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I am having trouble wit the following question on my problem sheet:

"The reaction $\ce{Br- + ClO^- \to BrO^- + Cl^-}$ occurs with a rate constant of $\text{0.35 dm}^3 \text{mol}^{-1} \text{s}^{-1}$

at 298 K. For the following initial conditions calculate the time taken for the Br^- concentration to fall to half its original value:

i) $[\ce{Br-}]=[\ce{ClO-}]=0.0017$

ii) $[\ce{Br-}]=0.0017$ and $[\ce{ClO-}]=0.084$"

I am sure I could do this question if I knew the rate equation but it isn't given. From the units of the rate constant the reaction must be second order but how am I supposed to know whether it's second order with respect to one of the reactants (and thus zeroth order w.r.t the other) or first order with respect to both? Also, what's the significance of the concentrations being equal (there's another question that stresses that the concentrations of both the reactants are equal).

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    $\begingroup$ I don't see a reasonable mechanism by whom the rate equation would have second order with respect to one reactant. $\endgroup$ – Marko Feb 1 '15 at 16:37
  • $\begingroup$ Expanding on @Marko 's point, if there were a couple of potential mechanisms, one for first order in both reactants and one for zeroth/second order, then you wouldn't know. There's no particular reason the concentrations should be equal, or reason why it's important (unless perhaps there is a method of initial rates question elsewhere in your problem set.) $\endgroup$ – Jason Patterson Feb 2 '15 at 3:10
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You have to assume it is first order in each reactant.

Zero-order kinetics is always an artifact of the conditions under which the reaction is carried out.

The reaction can't really be zero-order in a reactant, otherwise it would imply the reaction continues after there is no reactant remaining.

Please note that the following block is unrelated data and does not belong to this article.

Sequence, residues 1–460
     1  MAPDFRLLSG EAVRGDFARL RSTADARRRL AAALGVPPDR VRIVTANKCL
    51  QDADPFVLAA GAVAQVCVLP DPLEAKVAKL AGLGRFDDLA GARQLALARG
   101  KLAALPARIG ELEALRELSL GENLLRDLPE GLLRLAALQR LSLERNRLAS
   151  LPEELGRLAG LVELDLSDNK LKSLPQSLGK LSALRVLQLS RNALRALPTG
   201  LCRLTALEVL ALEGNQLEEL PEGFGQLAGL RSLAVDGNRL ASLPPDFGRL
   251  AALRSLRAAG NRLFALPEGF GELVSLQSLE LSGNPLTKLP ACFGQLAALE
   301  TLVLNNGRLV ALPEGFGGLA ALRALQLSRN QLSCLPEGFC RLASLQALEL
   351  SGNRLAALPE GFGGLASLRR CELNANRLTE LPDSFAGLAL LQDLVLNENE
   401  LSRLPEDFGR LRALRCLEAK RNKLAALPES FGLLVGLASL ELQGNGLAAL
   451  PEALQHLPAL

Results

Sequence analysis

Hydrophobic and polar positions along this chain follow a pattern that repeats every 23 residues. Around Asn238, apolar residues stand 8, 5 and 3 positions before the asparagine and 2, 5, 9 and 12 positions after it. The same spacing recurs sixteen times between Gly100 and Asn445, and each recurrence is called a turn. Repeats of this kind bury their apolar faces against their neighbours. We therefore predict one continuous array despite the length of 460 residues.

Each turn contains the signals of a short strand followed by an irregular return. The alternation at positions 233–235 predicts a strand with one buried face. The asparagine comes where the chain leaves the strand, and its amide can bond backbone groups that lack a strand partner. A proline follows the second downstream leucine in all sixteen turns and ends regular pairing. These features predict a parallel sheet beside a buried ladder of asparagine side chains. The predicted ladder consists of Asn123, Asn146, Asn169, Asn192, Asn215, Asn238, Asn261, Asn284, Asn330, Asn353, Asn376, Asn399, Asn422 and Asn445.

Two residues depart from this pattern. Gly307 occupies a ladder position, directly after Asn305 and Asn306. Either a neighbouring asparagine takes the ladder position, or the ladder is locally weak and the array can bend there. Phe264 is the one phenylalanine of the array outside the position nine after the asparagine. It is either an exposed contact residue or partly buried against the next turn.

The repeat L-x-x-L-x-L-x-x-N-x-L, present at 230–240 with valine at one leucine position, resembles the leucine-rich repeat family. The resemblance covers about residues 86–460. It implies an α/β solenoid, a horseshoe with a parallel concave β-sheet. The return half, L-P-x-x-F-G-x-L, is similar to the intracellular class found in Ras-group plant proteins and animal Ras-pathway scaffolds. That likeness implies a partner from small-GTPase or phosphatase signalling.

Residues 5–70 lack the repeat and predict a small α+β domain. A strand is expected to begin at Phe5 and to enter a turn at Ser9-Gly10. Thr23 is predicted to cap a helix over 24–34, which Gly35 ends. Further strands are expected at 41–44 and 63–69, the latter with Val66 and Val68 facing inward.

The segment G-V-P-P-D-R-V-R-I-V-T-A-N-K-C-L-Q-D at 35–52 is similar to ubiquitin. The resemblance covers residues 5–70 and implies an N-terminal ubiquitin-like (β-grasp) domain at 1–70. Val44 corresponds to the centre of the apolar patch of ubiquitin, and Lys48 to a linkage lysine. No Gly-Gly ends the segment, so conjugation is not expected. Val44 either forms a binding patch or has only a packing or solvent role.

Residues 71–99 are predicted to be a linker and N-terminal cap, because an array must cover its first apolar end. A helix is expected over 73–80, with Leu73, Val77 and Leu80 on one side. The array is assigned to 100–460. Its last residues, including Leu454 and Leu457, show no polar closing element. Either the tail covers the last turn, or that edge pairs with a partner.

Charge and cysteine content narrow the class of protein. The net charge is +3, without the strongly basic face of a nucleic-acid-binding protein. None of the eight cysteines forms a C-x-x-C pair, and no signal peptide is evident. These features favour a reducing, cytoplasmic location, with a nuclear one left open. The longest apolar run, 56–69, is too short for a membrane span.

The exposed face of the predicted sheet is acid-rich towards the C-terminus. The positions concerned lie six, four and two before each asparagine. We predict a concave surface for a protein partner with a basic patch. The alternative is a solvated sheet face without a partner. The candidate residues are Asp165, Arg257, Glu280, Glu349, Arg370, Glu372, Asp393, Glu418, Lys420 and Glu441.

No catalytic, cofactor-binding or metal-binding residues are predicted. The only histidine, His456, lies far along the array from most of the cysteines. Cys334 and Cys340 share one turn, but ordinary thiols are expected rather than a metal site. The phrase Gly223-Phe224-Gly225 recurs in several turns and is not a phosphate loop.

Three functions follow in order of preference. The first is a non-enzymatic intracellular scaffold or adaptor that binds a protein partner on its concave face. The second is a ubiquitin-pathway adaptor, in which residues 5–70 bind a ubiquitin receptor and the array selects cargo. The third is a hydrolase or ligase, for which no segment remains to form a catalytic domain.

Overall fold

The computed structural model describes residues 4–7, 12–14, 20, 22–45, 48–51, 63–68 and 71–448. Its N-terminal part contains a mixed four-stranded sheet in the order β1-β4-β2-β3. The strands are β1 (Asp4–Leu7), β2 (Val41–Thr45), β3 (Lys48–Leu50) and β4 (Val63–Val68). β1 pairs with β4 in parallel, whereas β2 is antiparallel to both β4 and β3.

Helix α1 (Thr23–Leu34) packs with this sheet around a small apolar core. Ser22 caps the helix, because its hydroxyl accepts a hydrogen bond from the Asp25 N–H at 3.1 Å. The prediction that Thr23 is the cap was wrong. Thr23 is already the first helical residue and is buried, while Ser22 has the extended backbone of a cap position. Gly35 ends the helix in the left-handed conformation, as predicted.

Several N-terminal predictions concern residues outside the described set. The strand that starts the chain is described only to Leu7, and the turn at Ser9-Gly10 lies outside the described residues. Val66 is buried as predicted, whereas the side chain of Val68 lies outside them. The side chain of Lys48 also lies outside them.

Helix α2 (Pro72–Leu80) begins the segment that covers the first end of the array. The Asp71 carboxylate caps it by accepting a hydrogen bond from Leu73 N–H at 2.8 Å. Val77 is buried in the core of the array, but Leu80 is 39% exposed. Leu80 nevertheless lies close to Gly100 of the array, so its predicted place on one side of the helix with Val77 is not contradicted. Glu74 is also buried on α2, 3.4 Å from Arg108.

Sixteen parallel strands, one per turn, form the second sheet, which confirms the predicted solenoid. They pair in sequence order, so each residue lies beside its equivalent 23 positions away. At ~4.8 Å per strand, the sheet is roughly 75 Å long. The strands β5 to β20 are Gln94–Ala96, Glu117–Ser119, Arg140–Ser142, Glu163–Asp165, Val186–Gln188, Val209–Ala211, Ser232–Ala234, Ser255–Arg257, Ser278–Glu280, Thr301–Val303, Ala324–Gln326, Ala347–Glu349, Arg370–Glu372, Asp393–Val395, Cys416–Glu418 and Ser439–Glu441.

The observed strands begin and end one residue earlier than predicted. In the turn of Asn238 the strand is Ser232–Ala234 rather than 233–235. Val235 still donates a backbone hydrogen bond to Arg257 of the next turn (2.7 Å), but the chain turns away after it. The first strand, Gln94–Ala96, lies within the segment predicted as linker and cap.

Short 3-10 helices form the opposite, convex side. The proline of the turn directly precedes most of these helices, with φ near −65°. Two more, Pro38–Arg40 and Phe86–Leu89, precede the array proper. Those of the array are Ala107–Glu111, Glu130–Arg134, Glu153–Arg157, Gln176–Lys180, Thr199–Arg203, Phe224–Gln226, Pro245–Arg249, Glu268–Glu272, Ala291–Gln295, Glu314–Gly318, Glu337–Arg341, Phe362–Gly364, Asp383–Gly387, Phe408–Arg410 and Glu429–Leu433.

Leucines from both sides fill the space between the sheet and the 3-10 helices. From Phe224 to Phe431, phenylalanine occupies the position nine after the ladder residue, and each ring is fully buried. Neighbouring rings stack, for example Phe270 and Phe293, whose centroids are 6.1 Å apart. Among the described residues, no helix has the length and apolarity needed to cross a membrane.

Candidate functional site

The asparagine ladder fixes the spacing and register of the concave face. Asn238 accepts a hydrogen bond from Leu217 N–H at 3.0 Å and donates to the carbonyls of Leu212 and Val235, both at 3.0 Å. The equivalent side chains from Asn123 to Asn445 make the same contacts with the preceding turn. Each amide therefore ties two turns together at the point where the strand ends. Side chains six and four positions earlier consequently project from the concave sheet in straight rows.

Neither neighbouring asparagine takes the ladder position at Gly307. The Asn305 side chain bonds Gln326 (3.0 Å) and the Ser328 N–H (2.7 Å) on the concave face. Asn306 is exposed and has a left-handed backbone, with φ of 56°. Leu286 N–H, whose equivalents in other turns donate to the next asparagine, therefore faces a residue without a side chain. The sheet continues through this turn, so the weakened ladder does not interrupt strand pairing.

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  • $\begingroup$ how can any reactant be zeroth order then? $\endgroup$ – RobChem Feb 1 '15 at 17:19
  • $\begingroup$ it can't, that's what the link is explaining $\endgroup$ – DavePhD Feb 1 '15 at 17:20
  • $\begingroup$ @RobChem Rewrote my comment to better explain what I meant. Suppose that the kinetics of a reaction are usually decided by a particular slow step yielding rate = k1[A], when [A] and [B] are roughly equal to one another. If we set up the reaction with very, very small amounts of [B] instead, the rate of another reaction in the mechanism that involves B will eventually become slow enough that it becomes the slow/rate determining step. $\endgroup$ – Jason Patterson Feb 2 '15 at 3:07
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Being the concentrations equal makes it easier to integrate the second order law (first in each reagents). Concentrations are the same at every t and therefore you have only one variable to take into account. The resulting integrated law will be analogous to that for a second order kinetics in one reagent.

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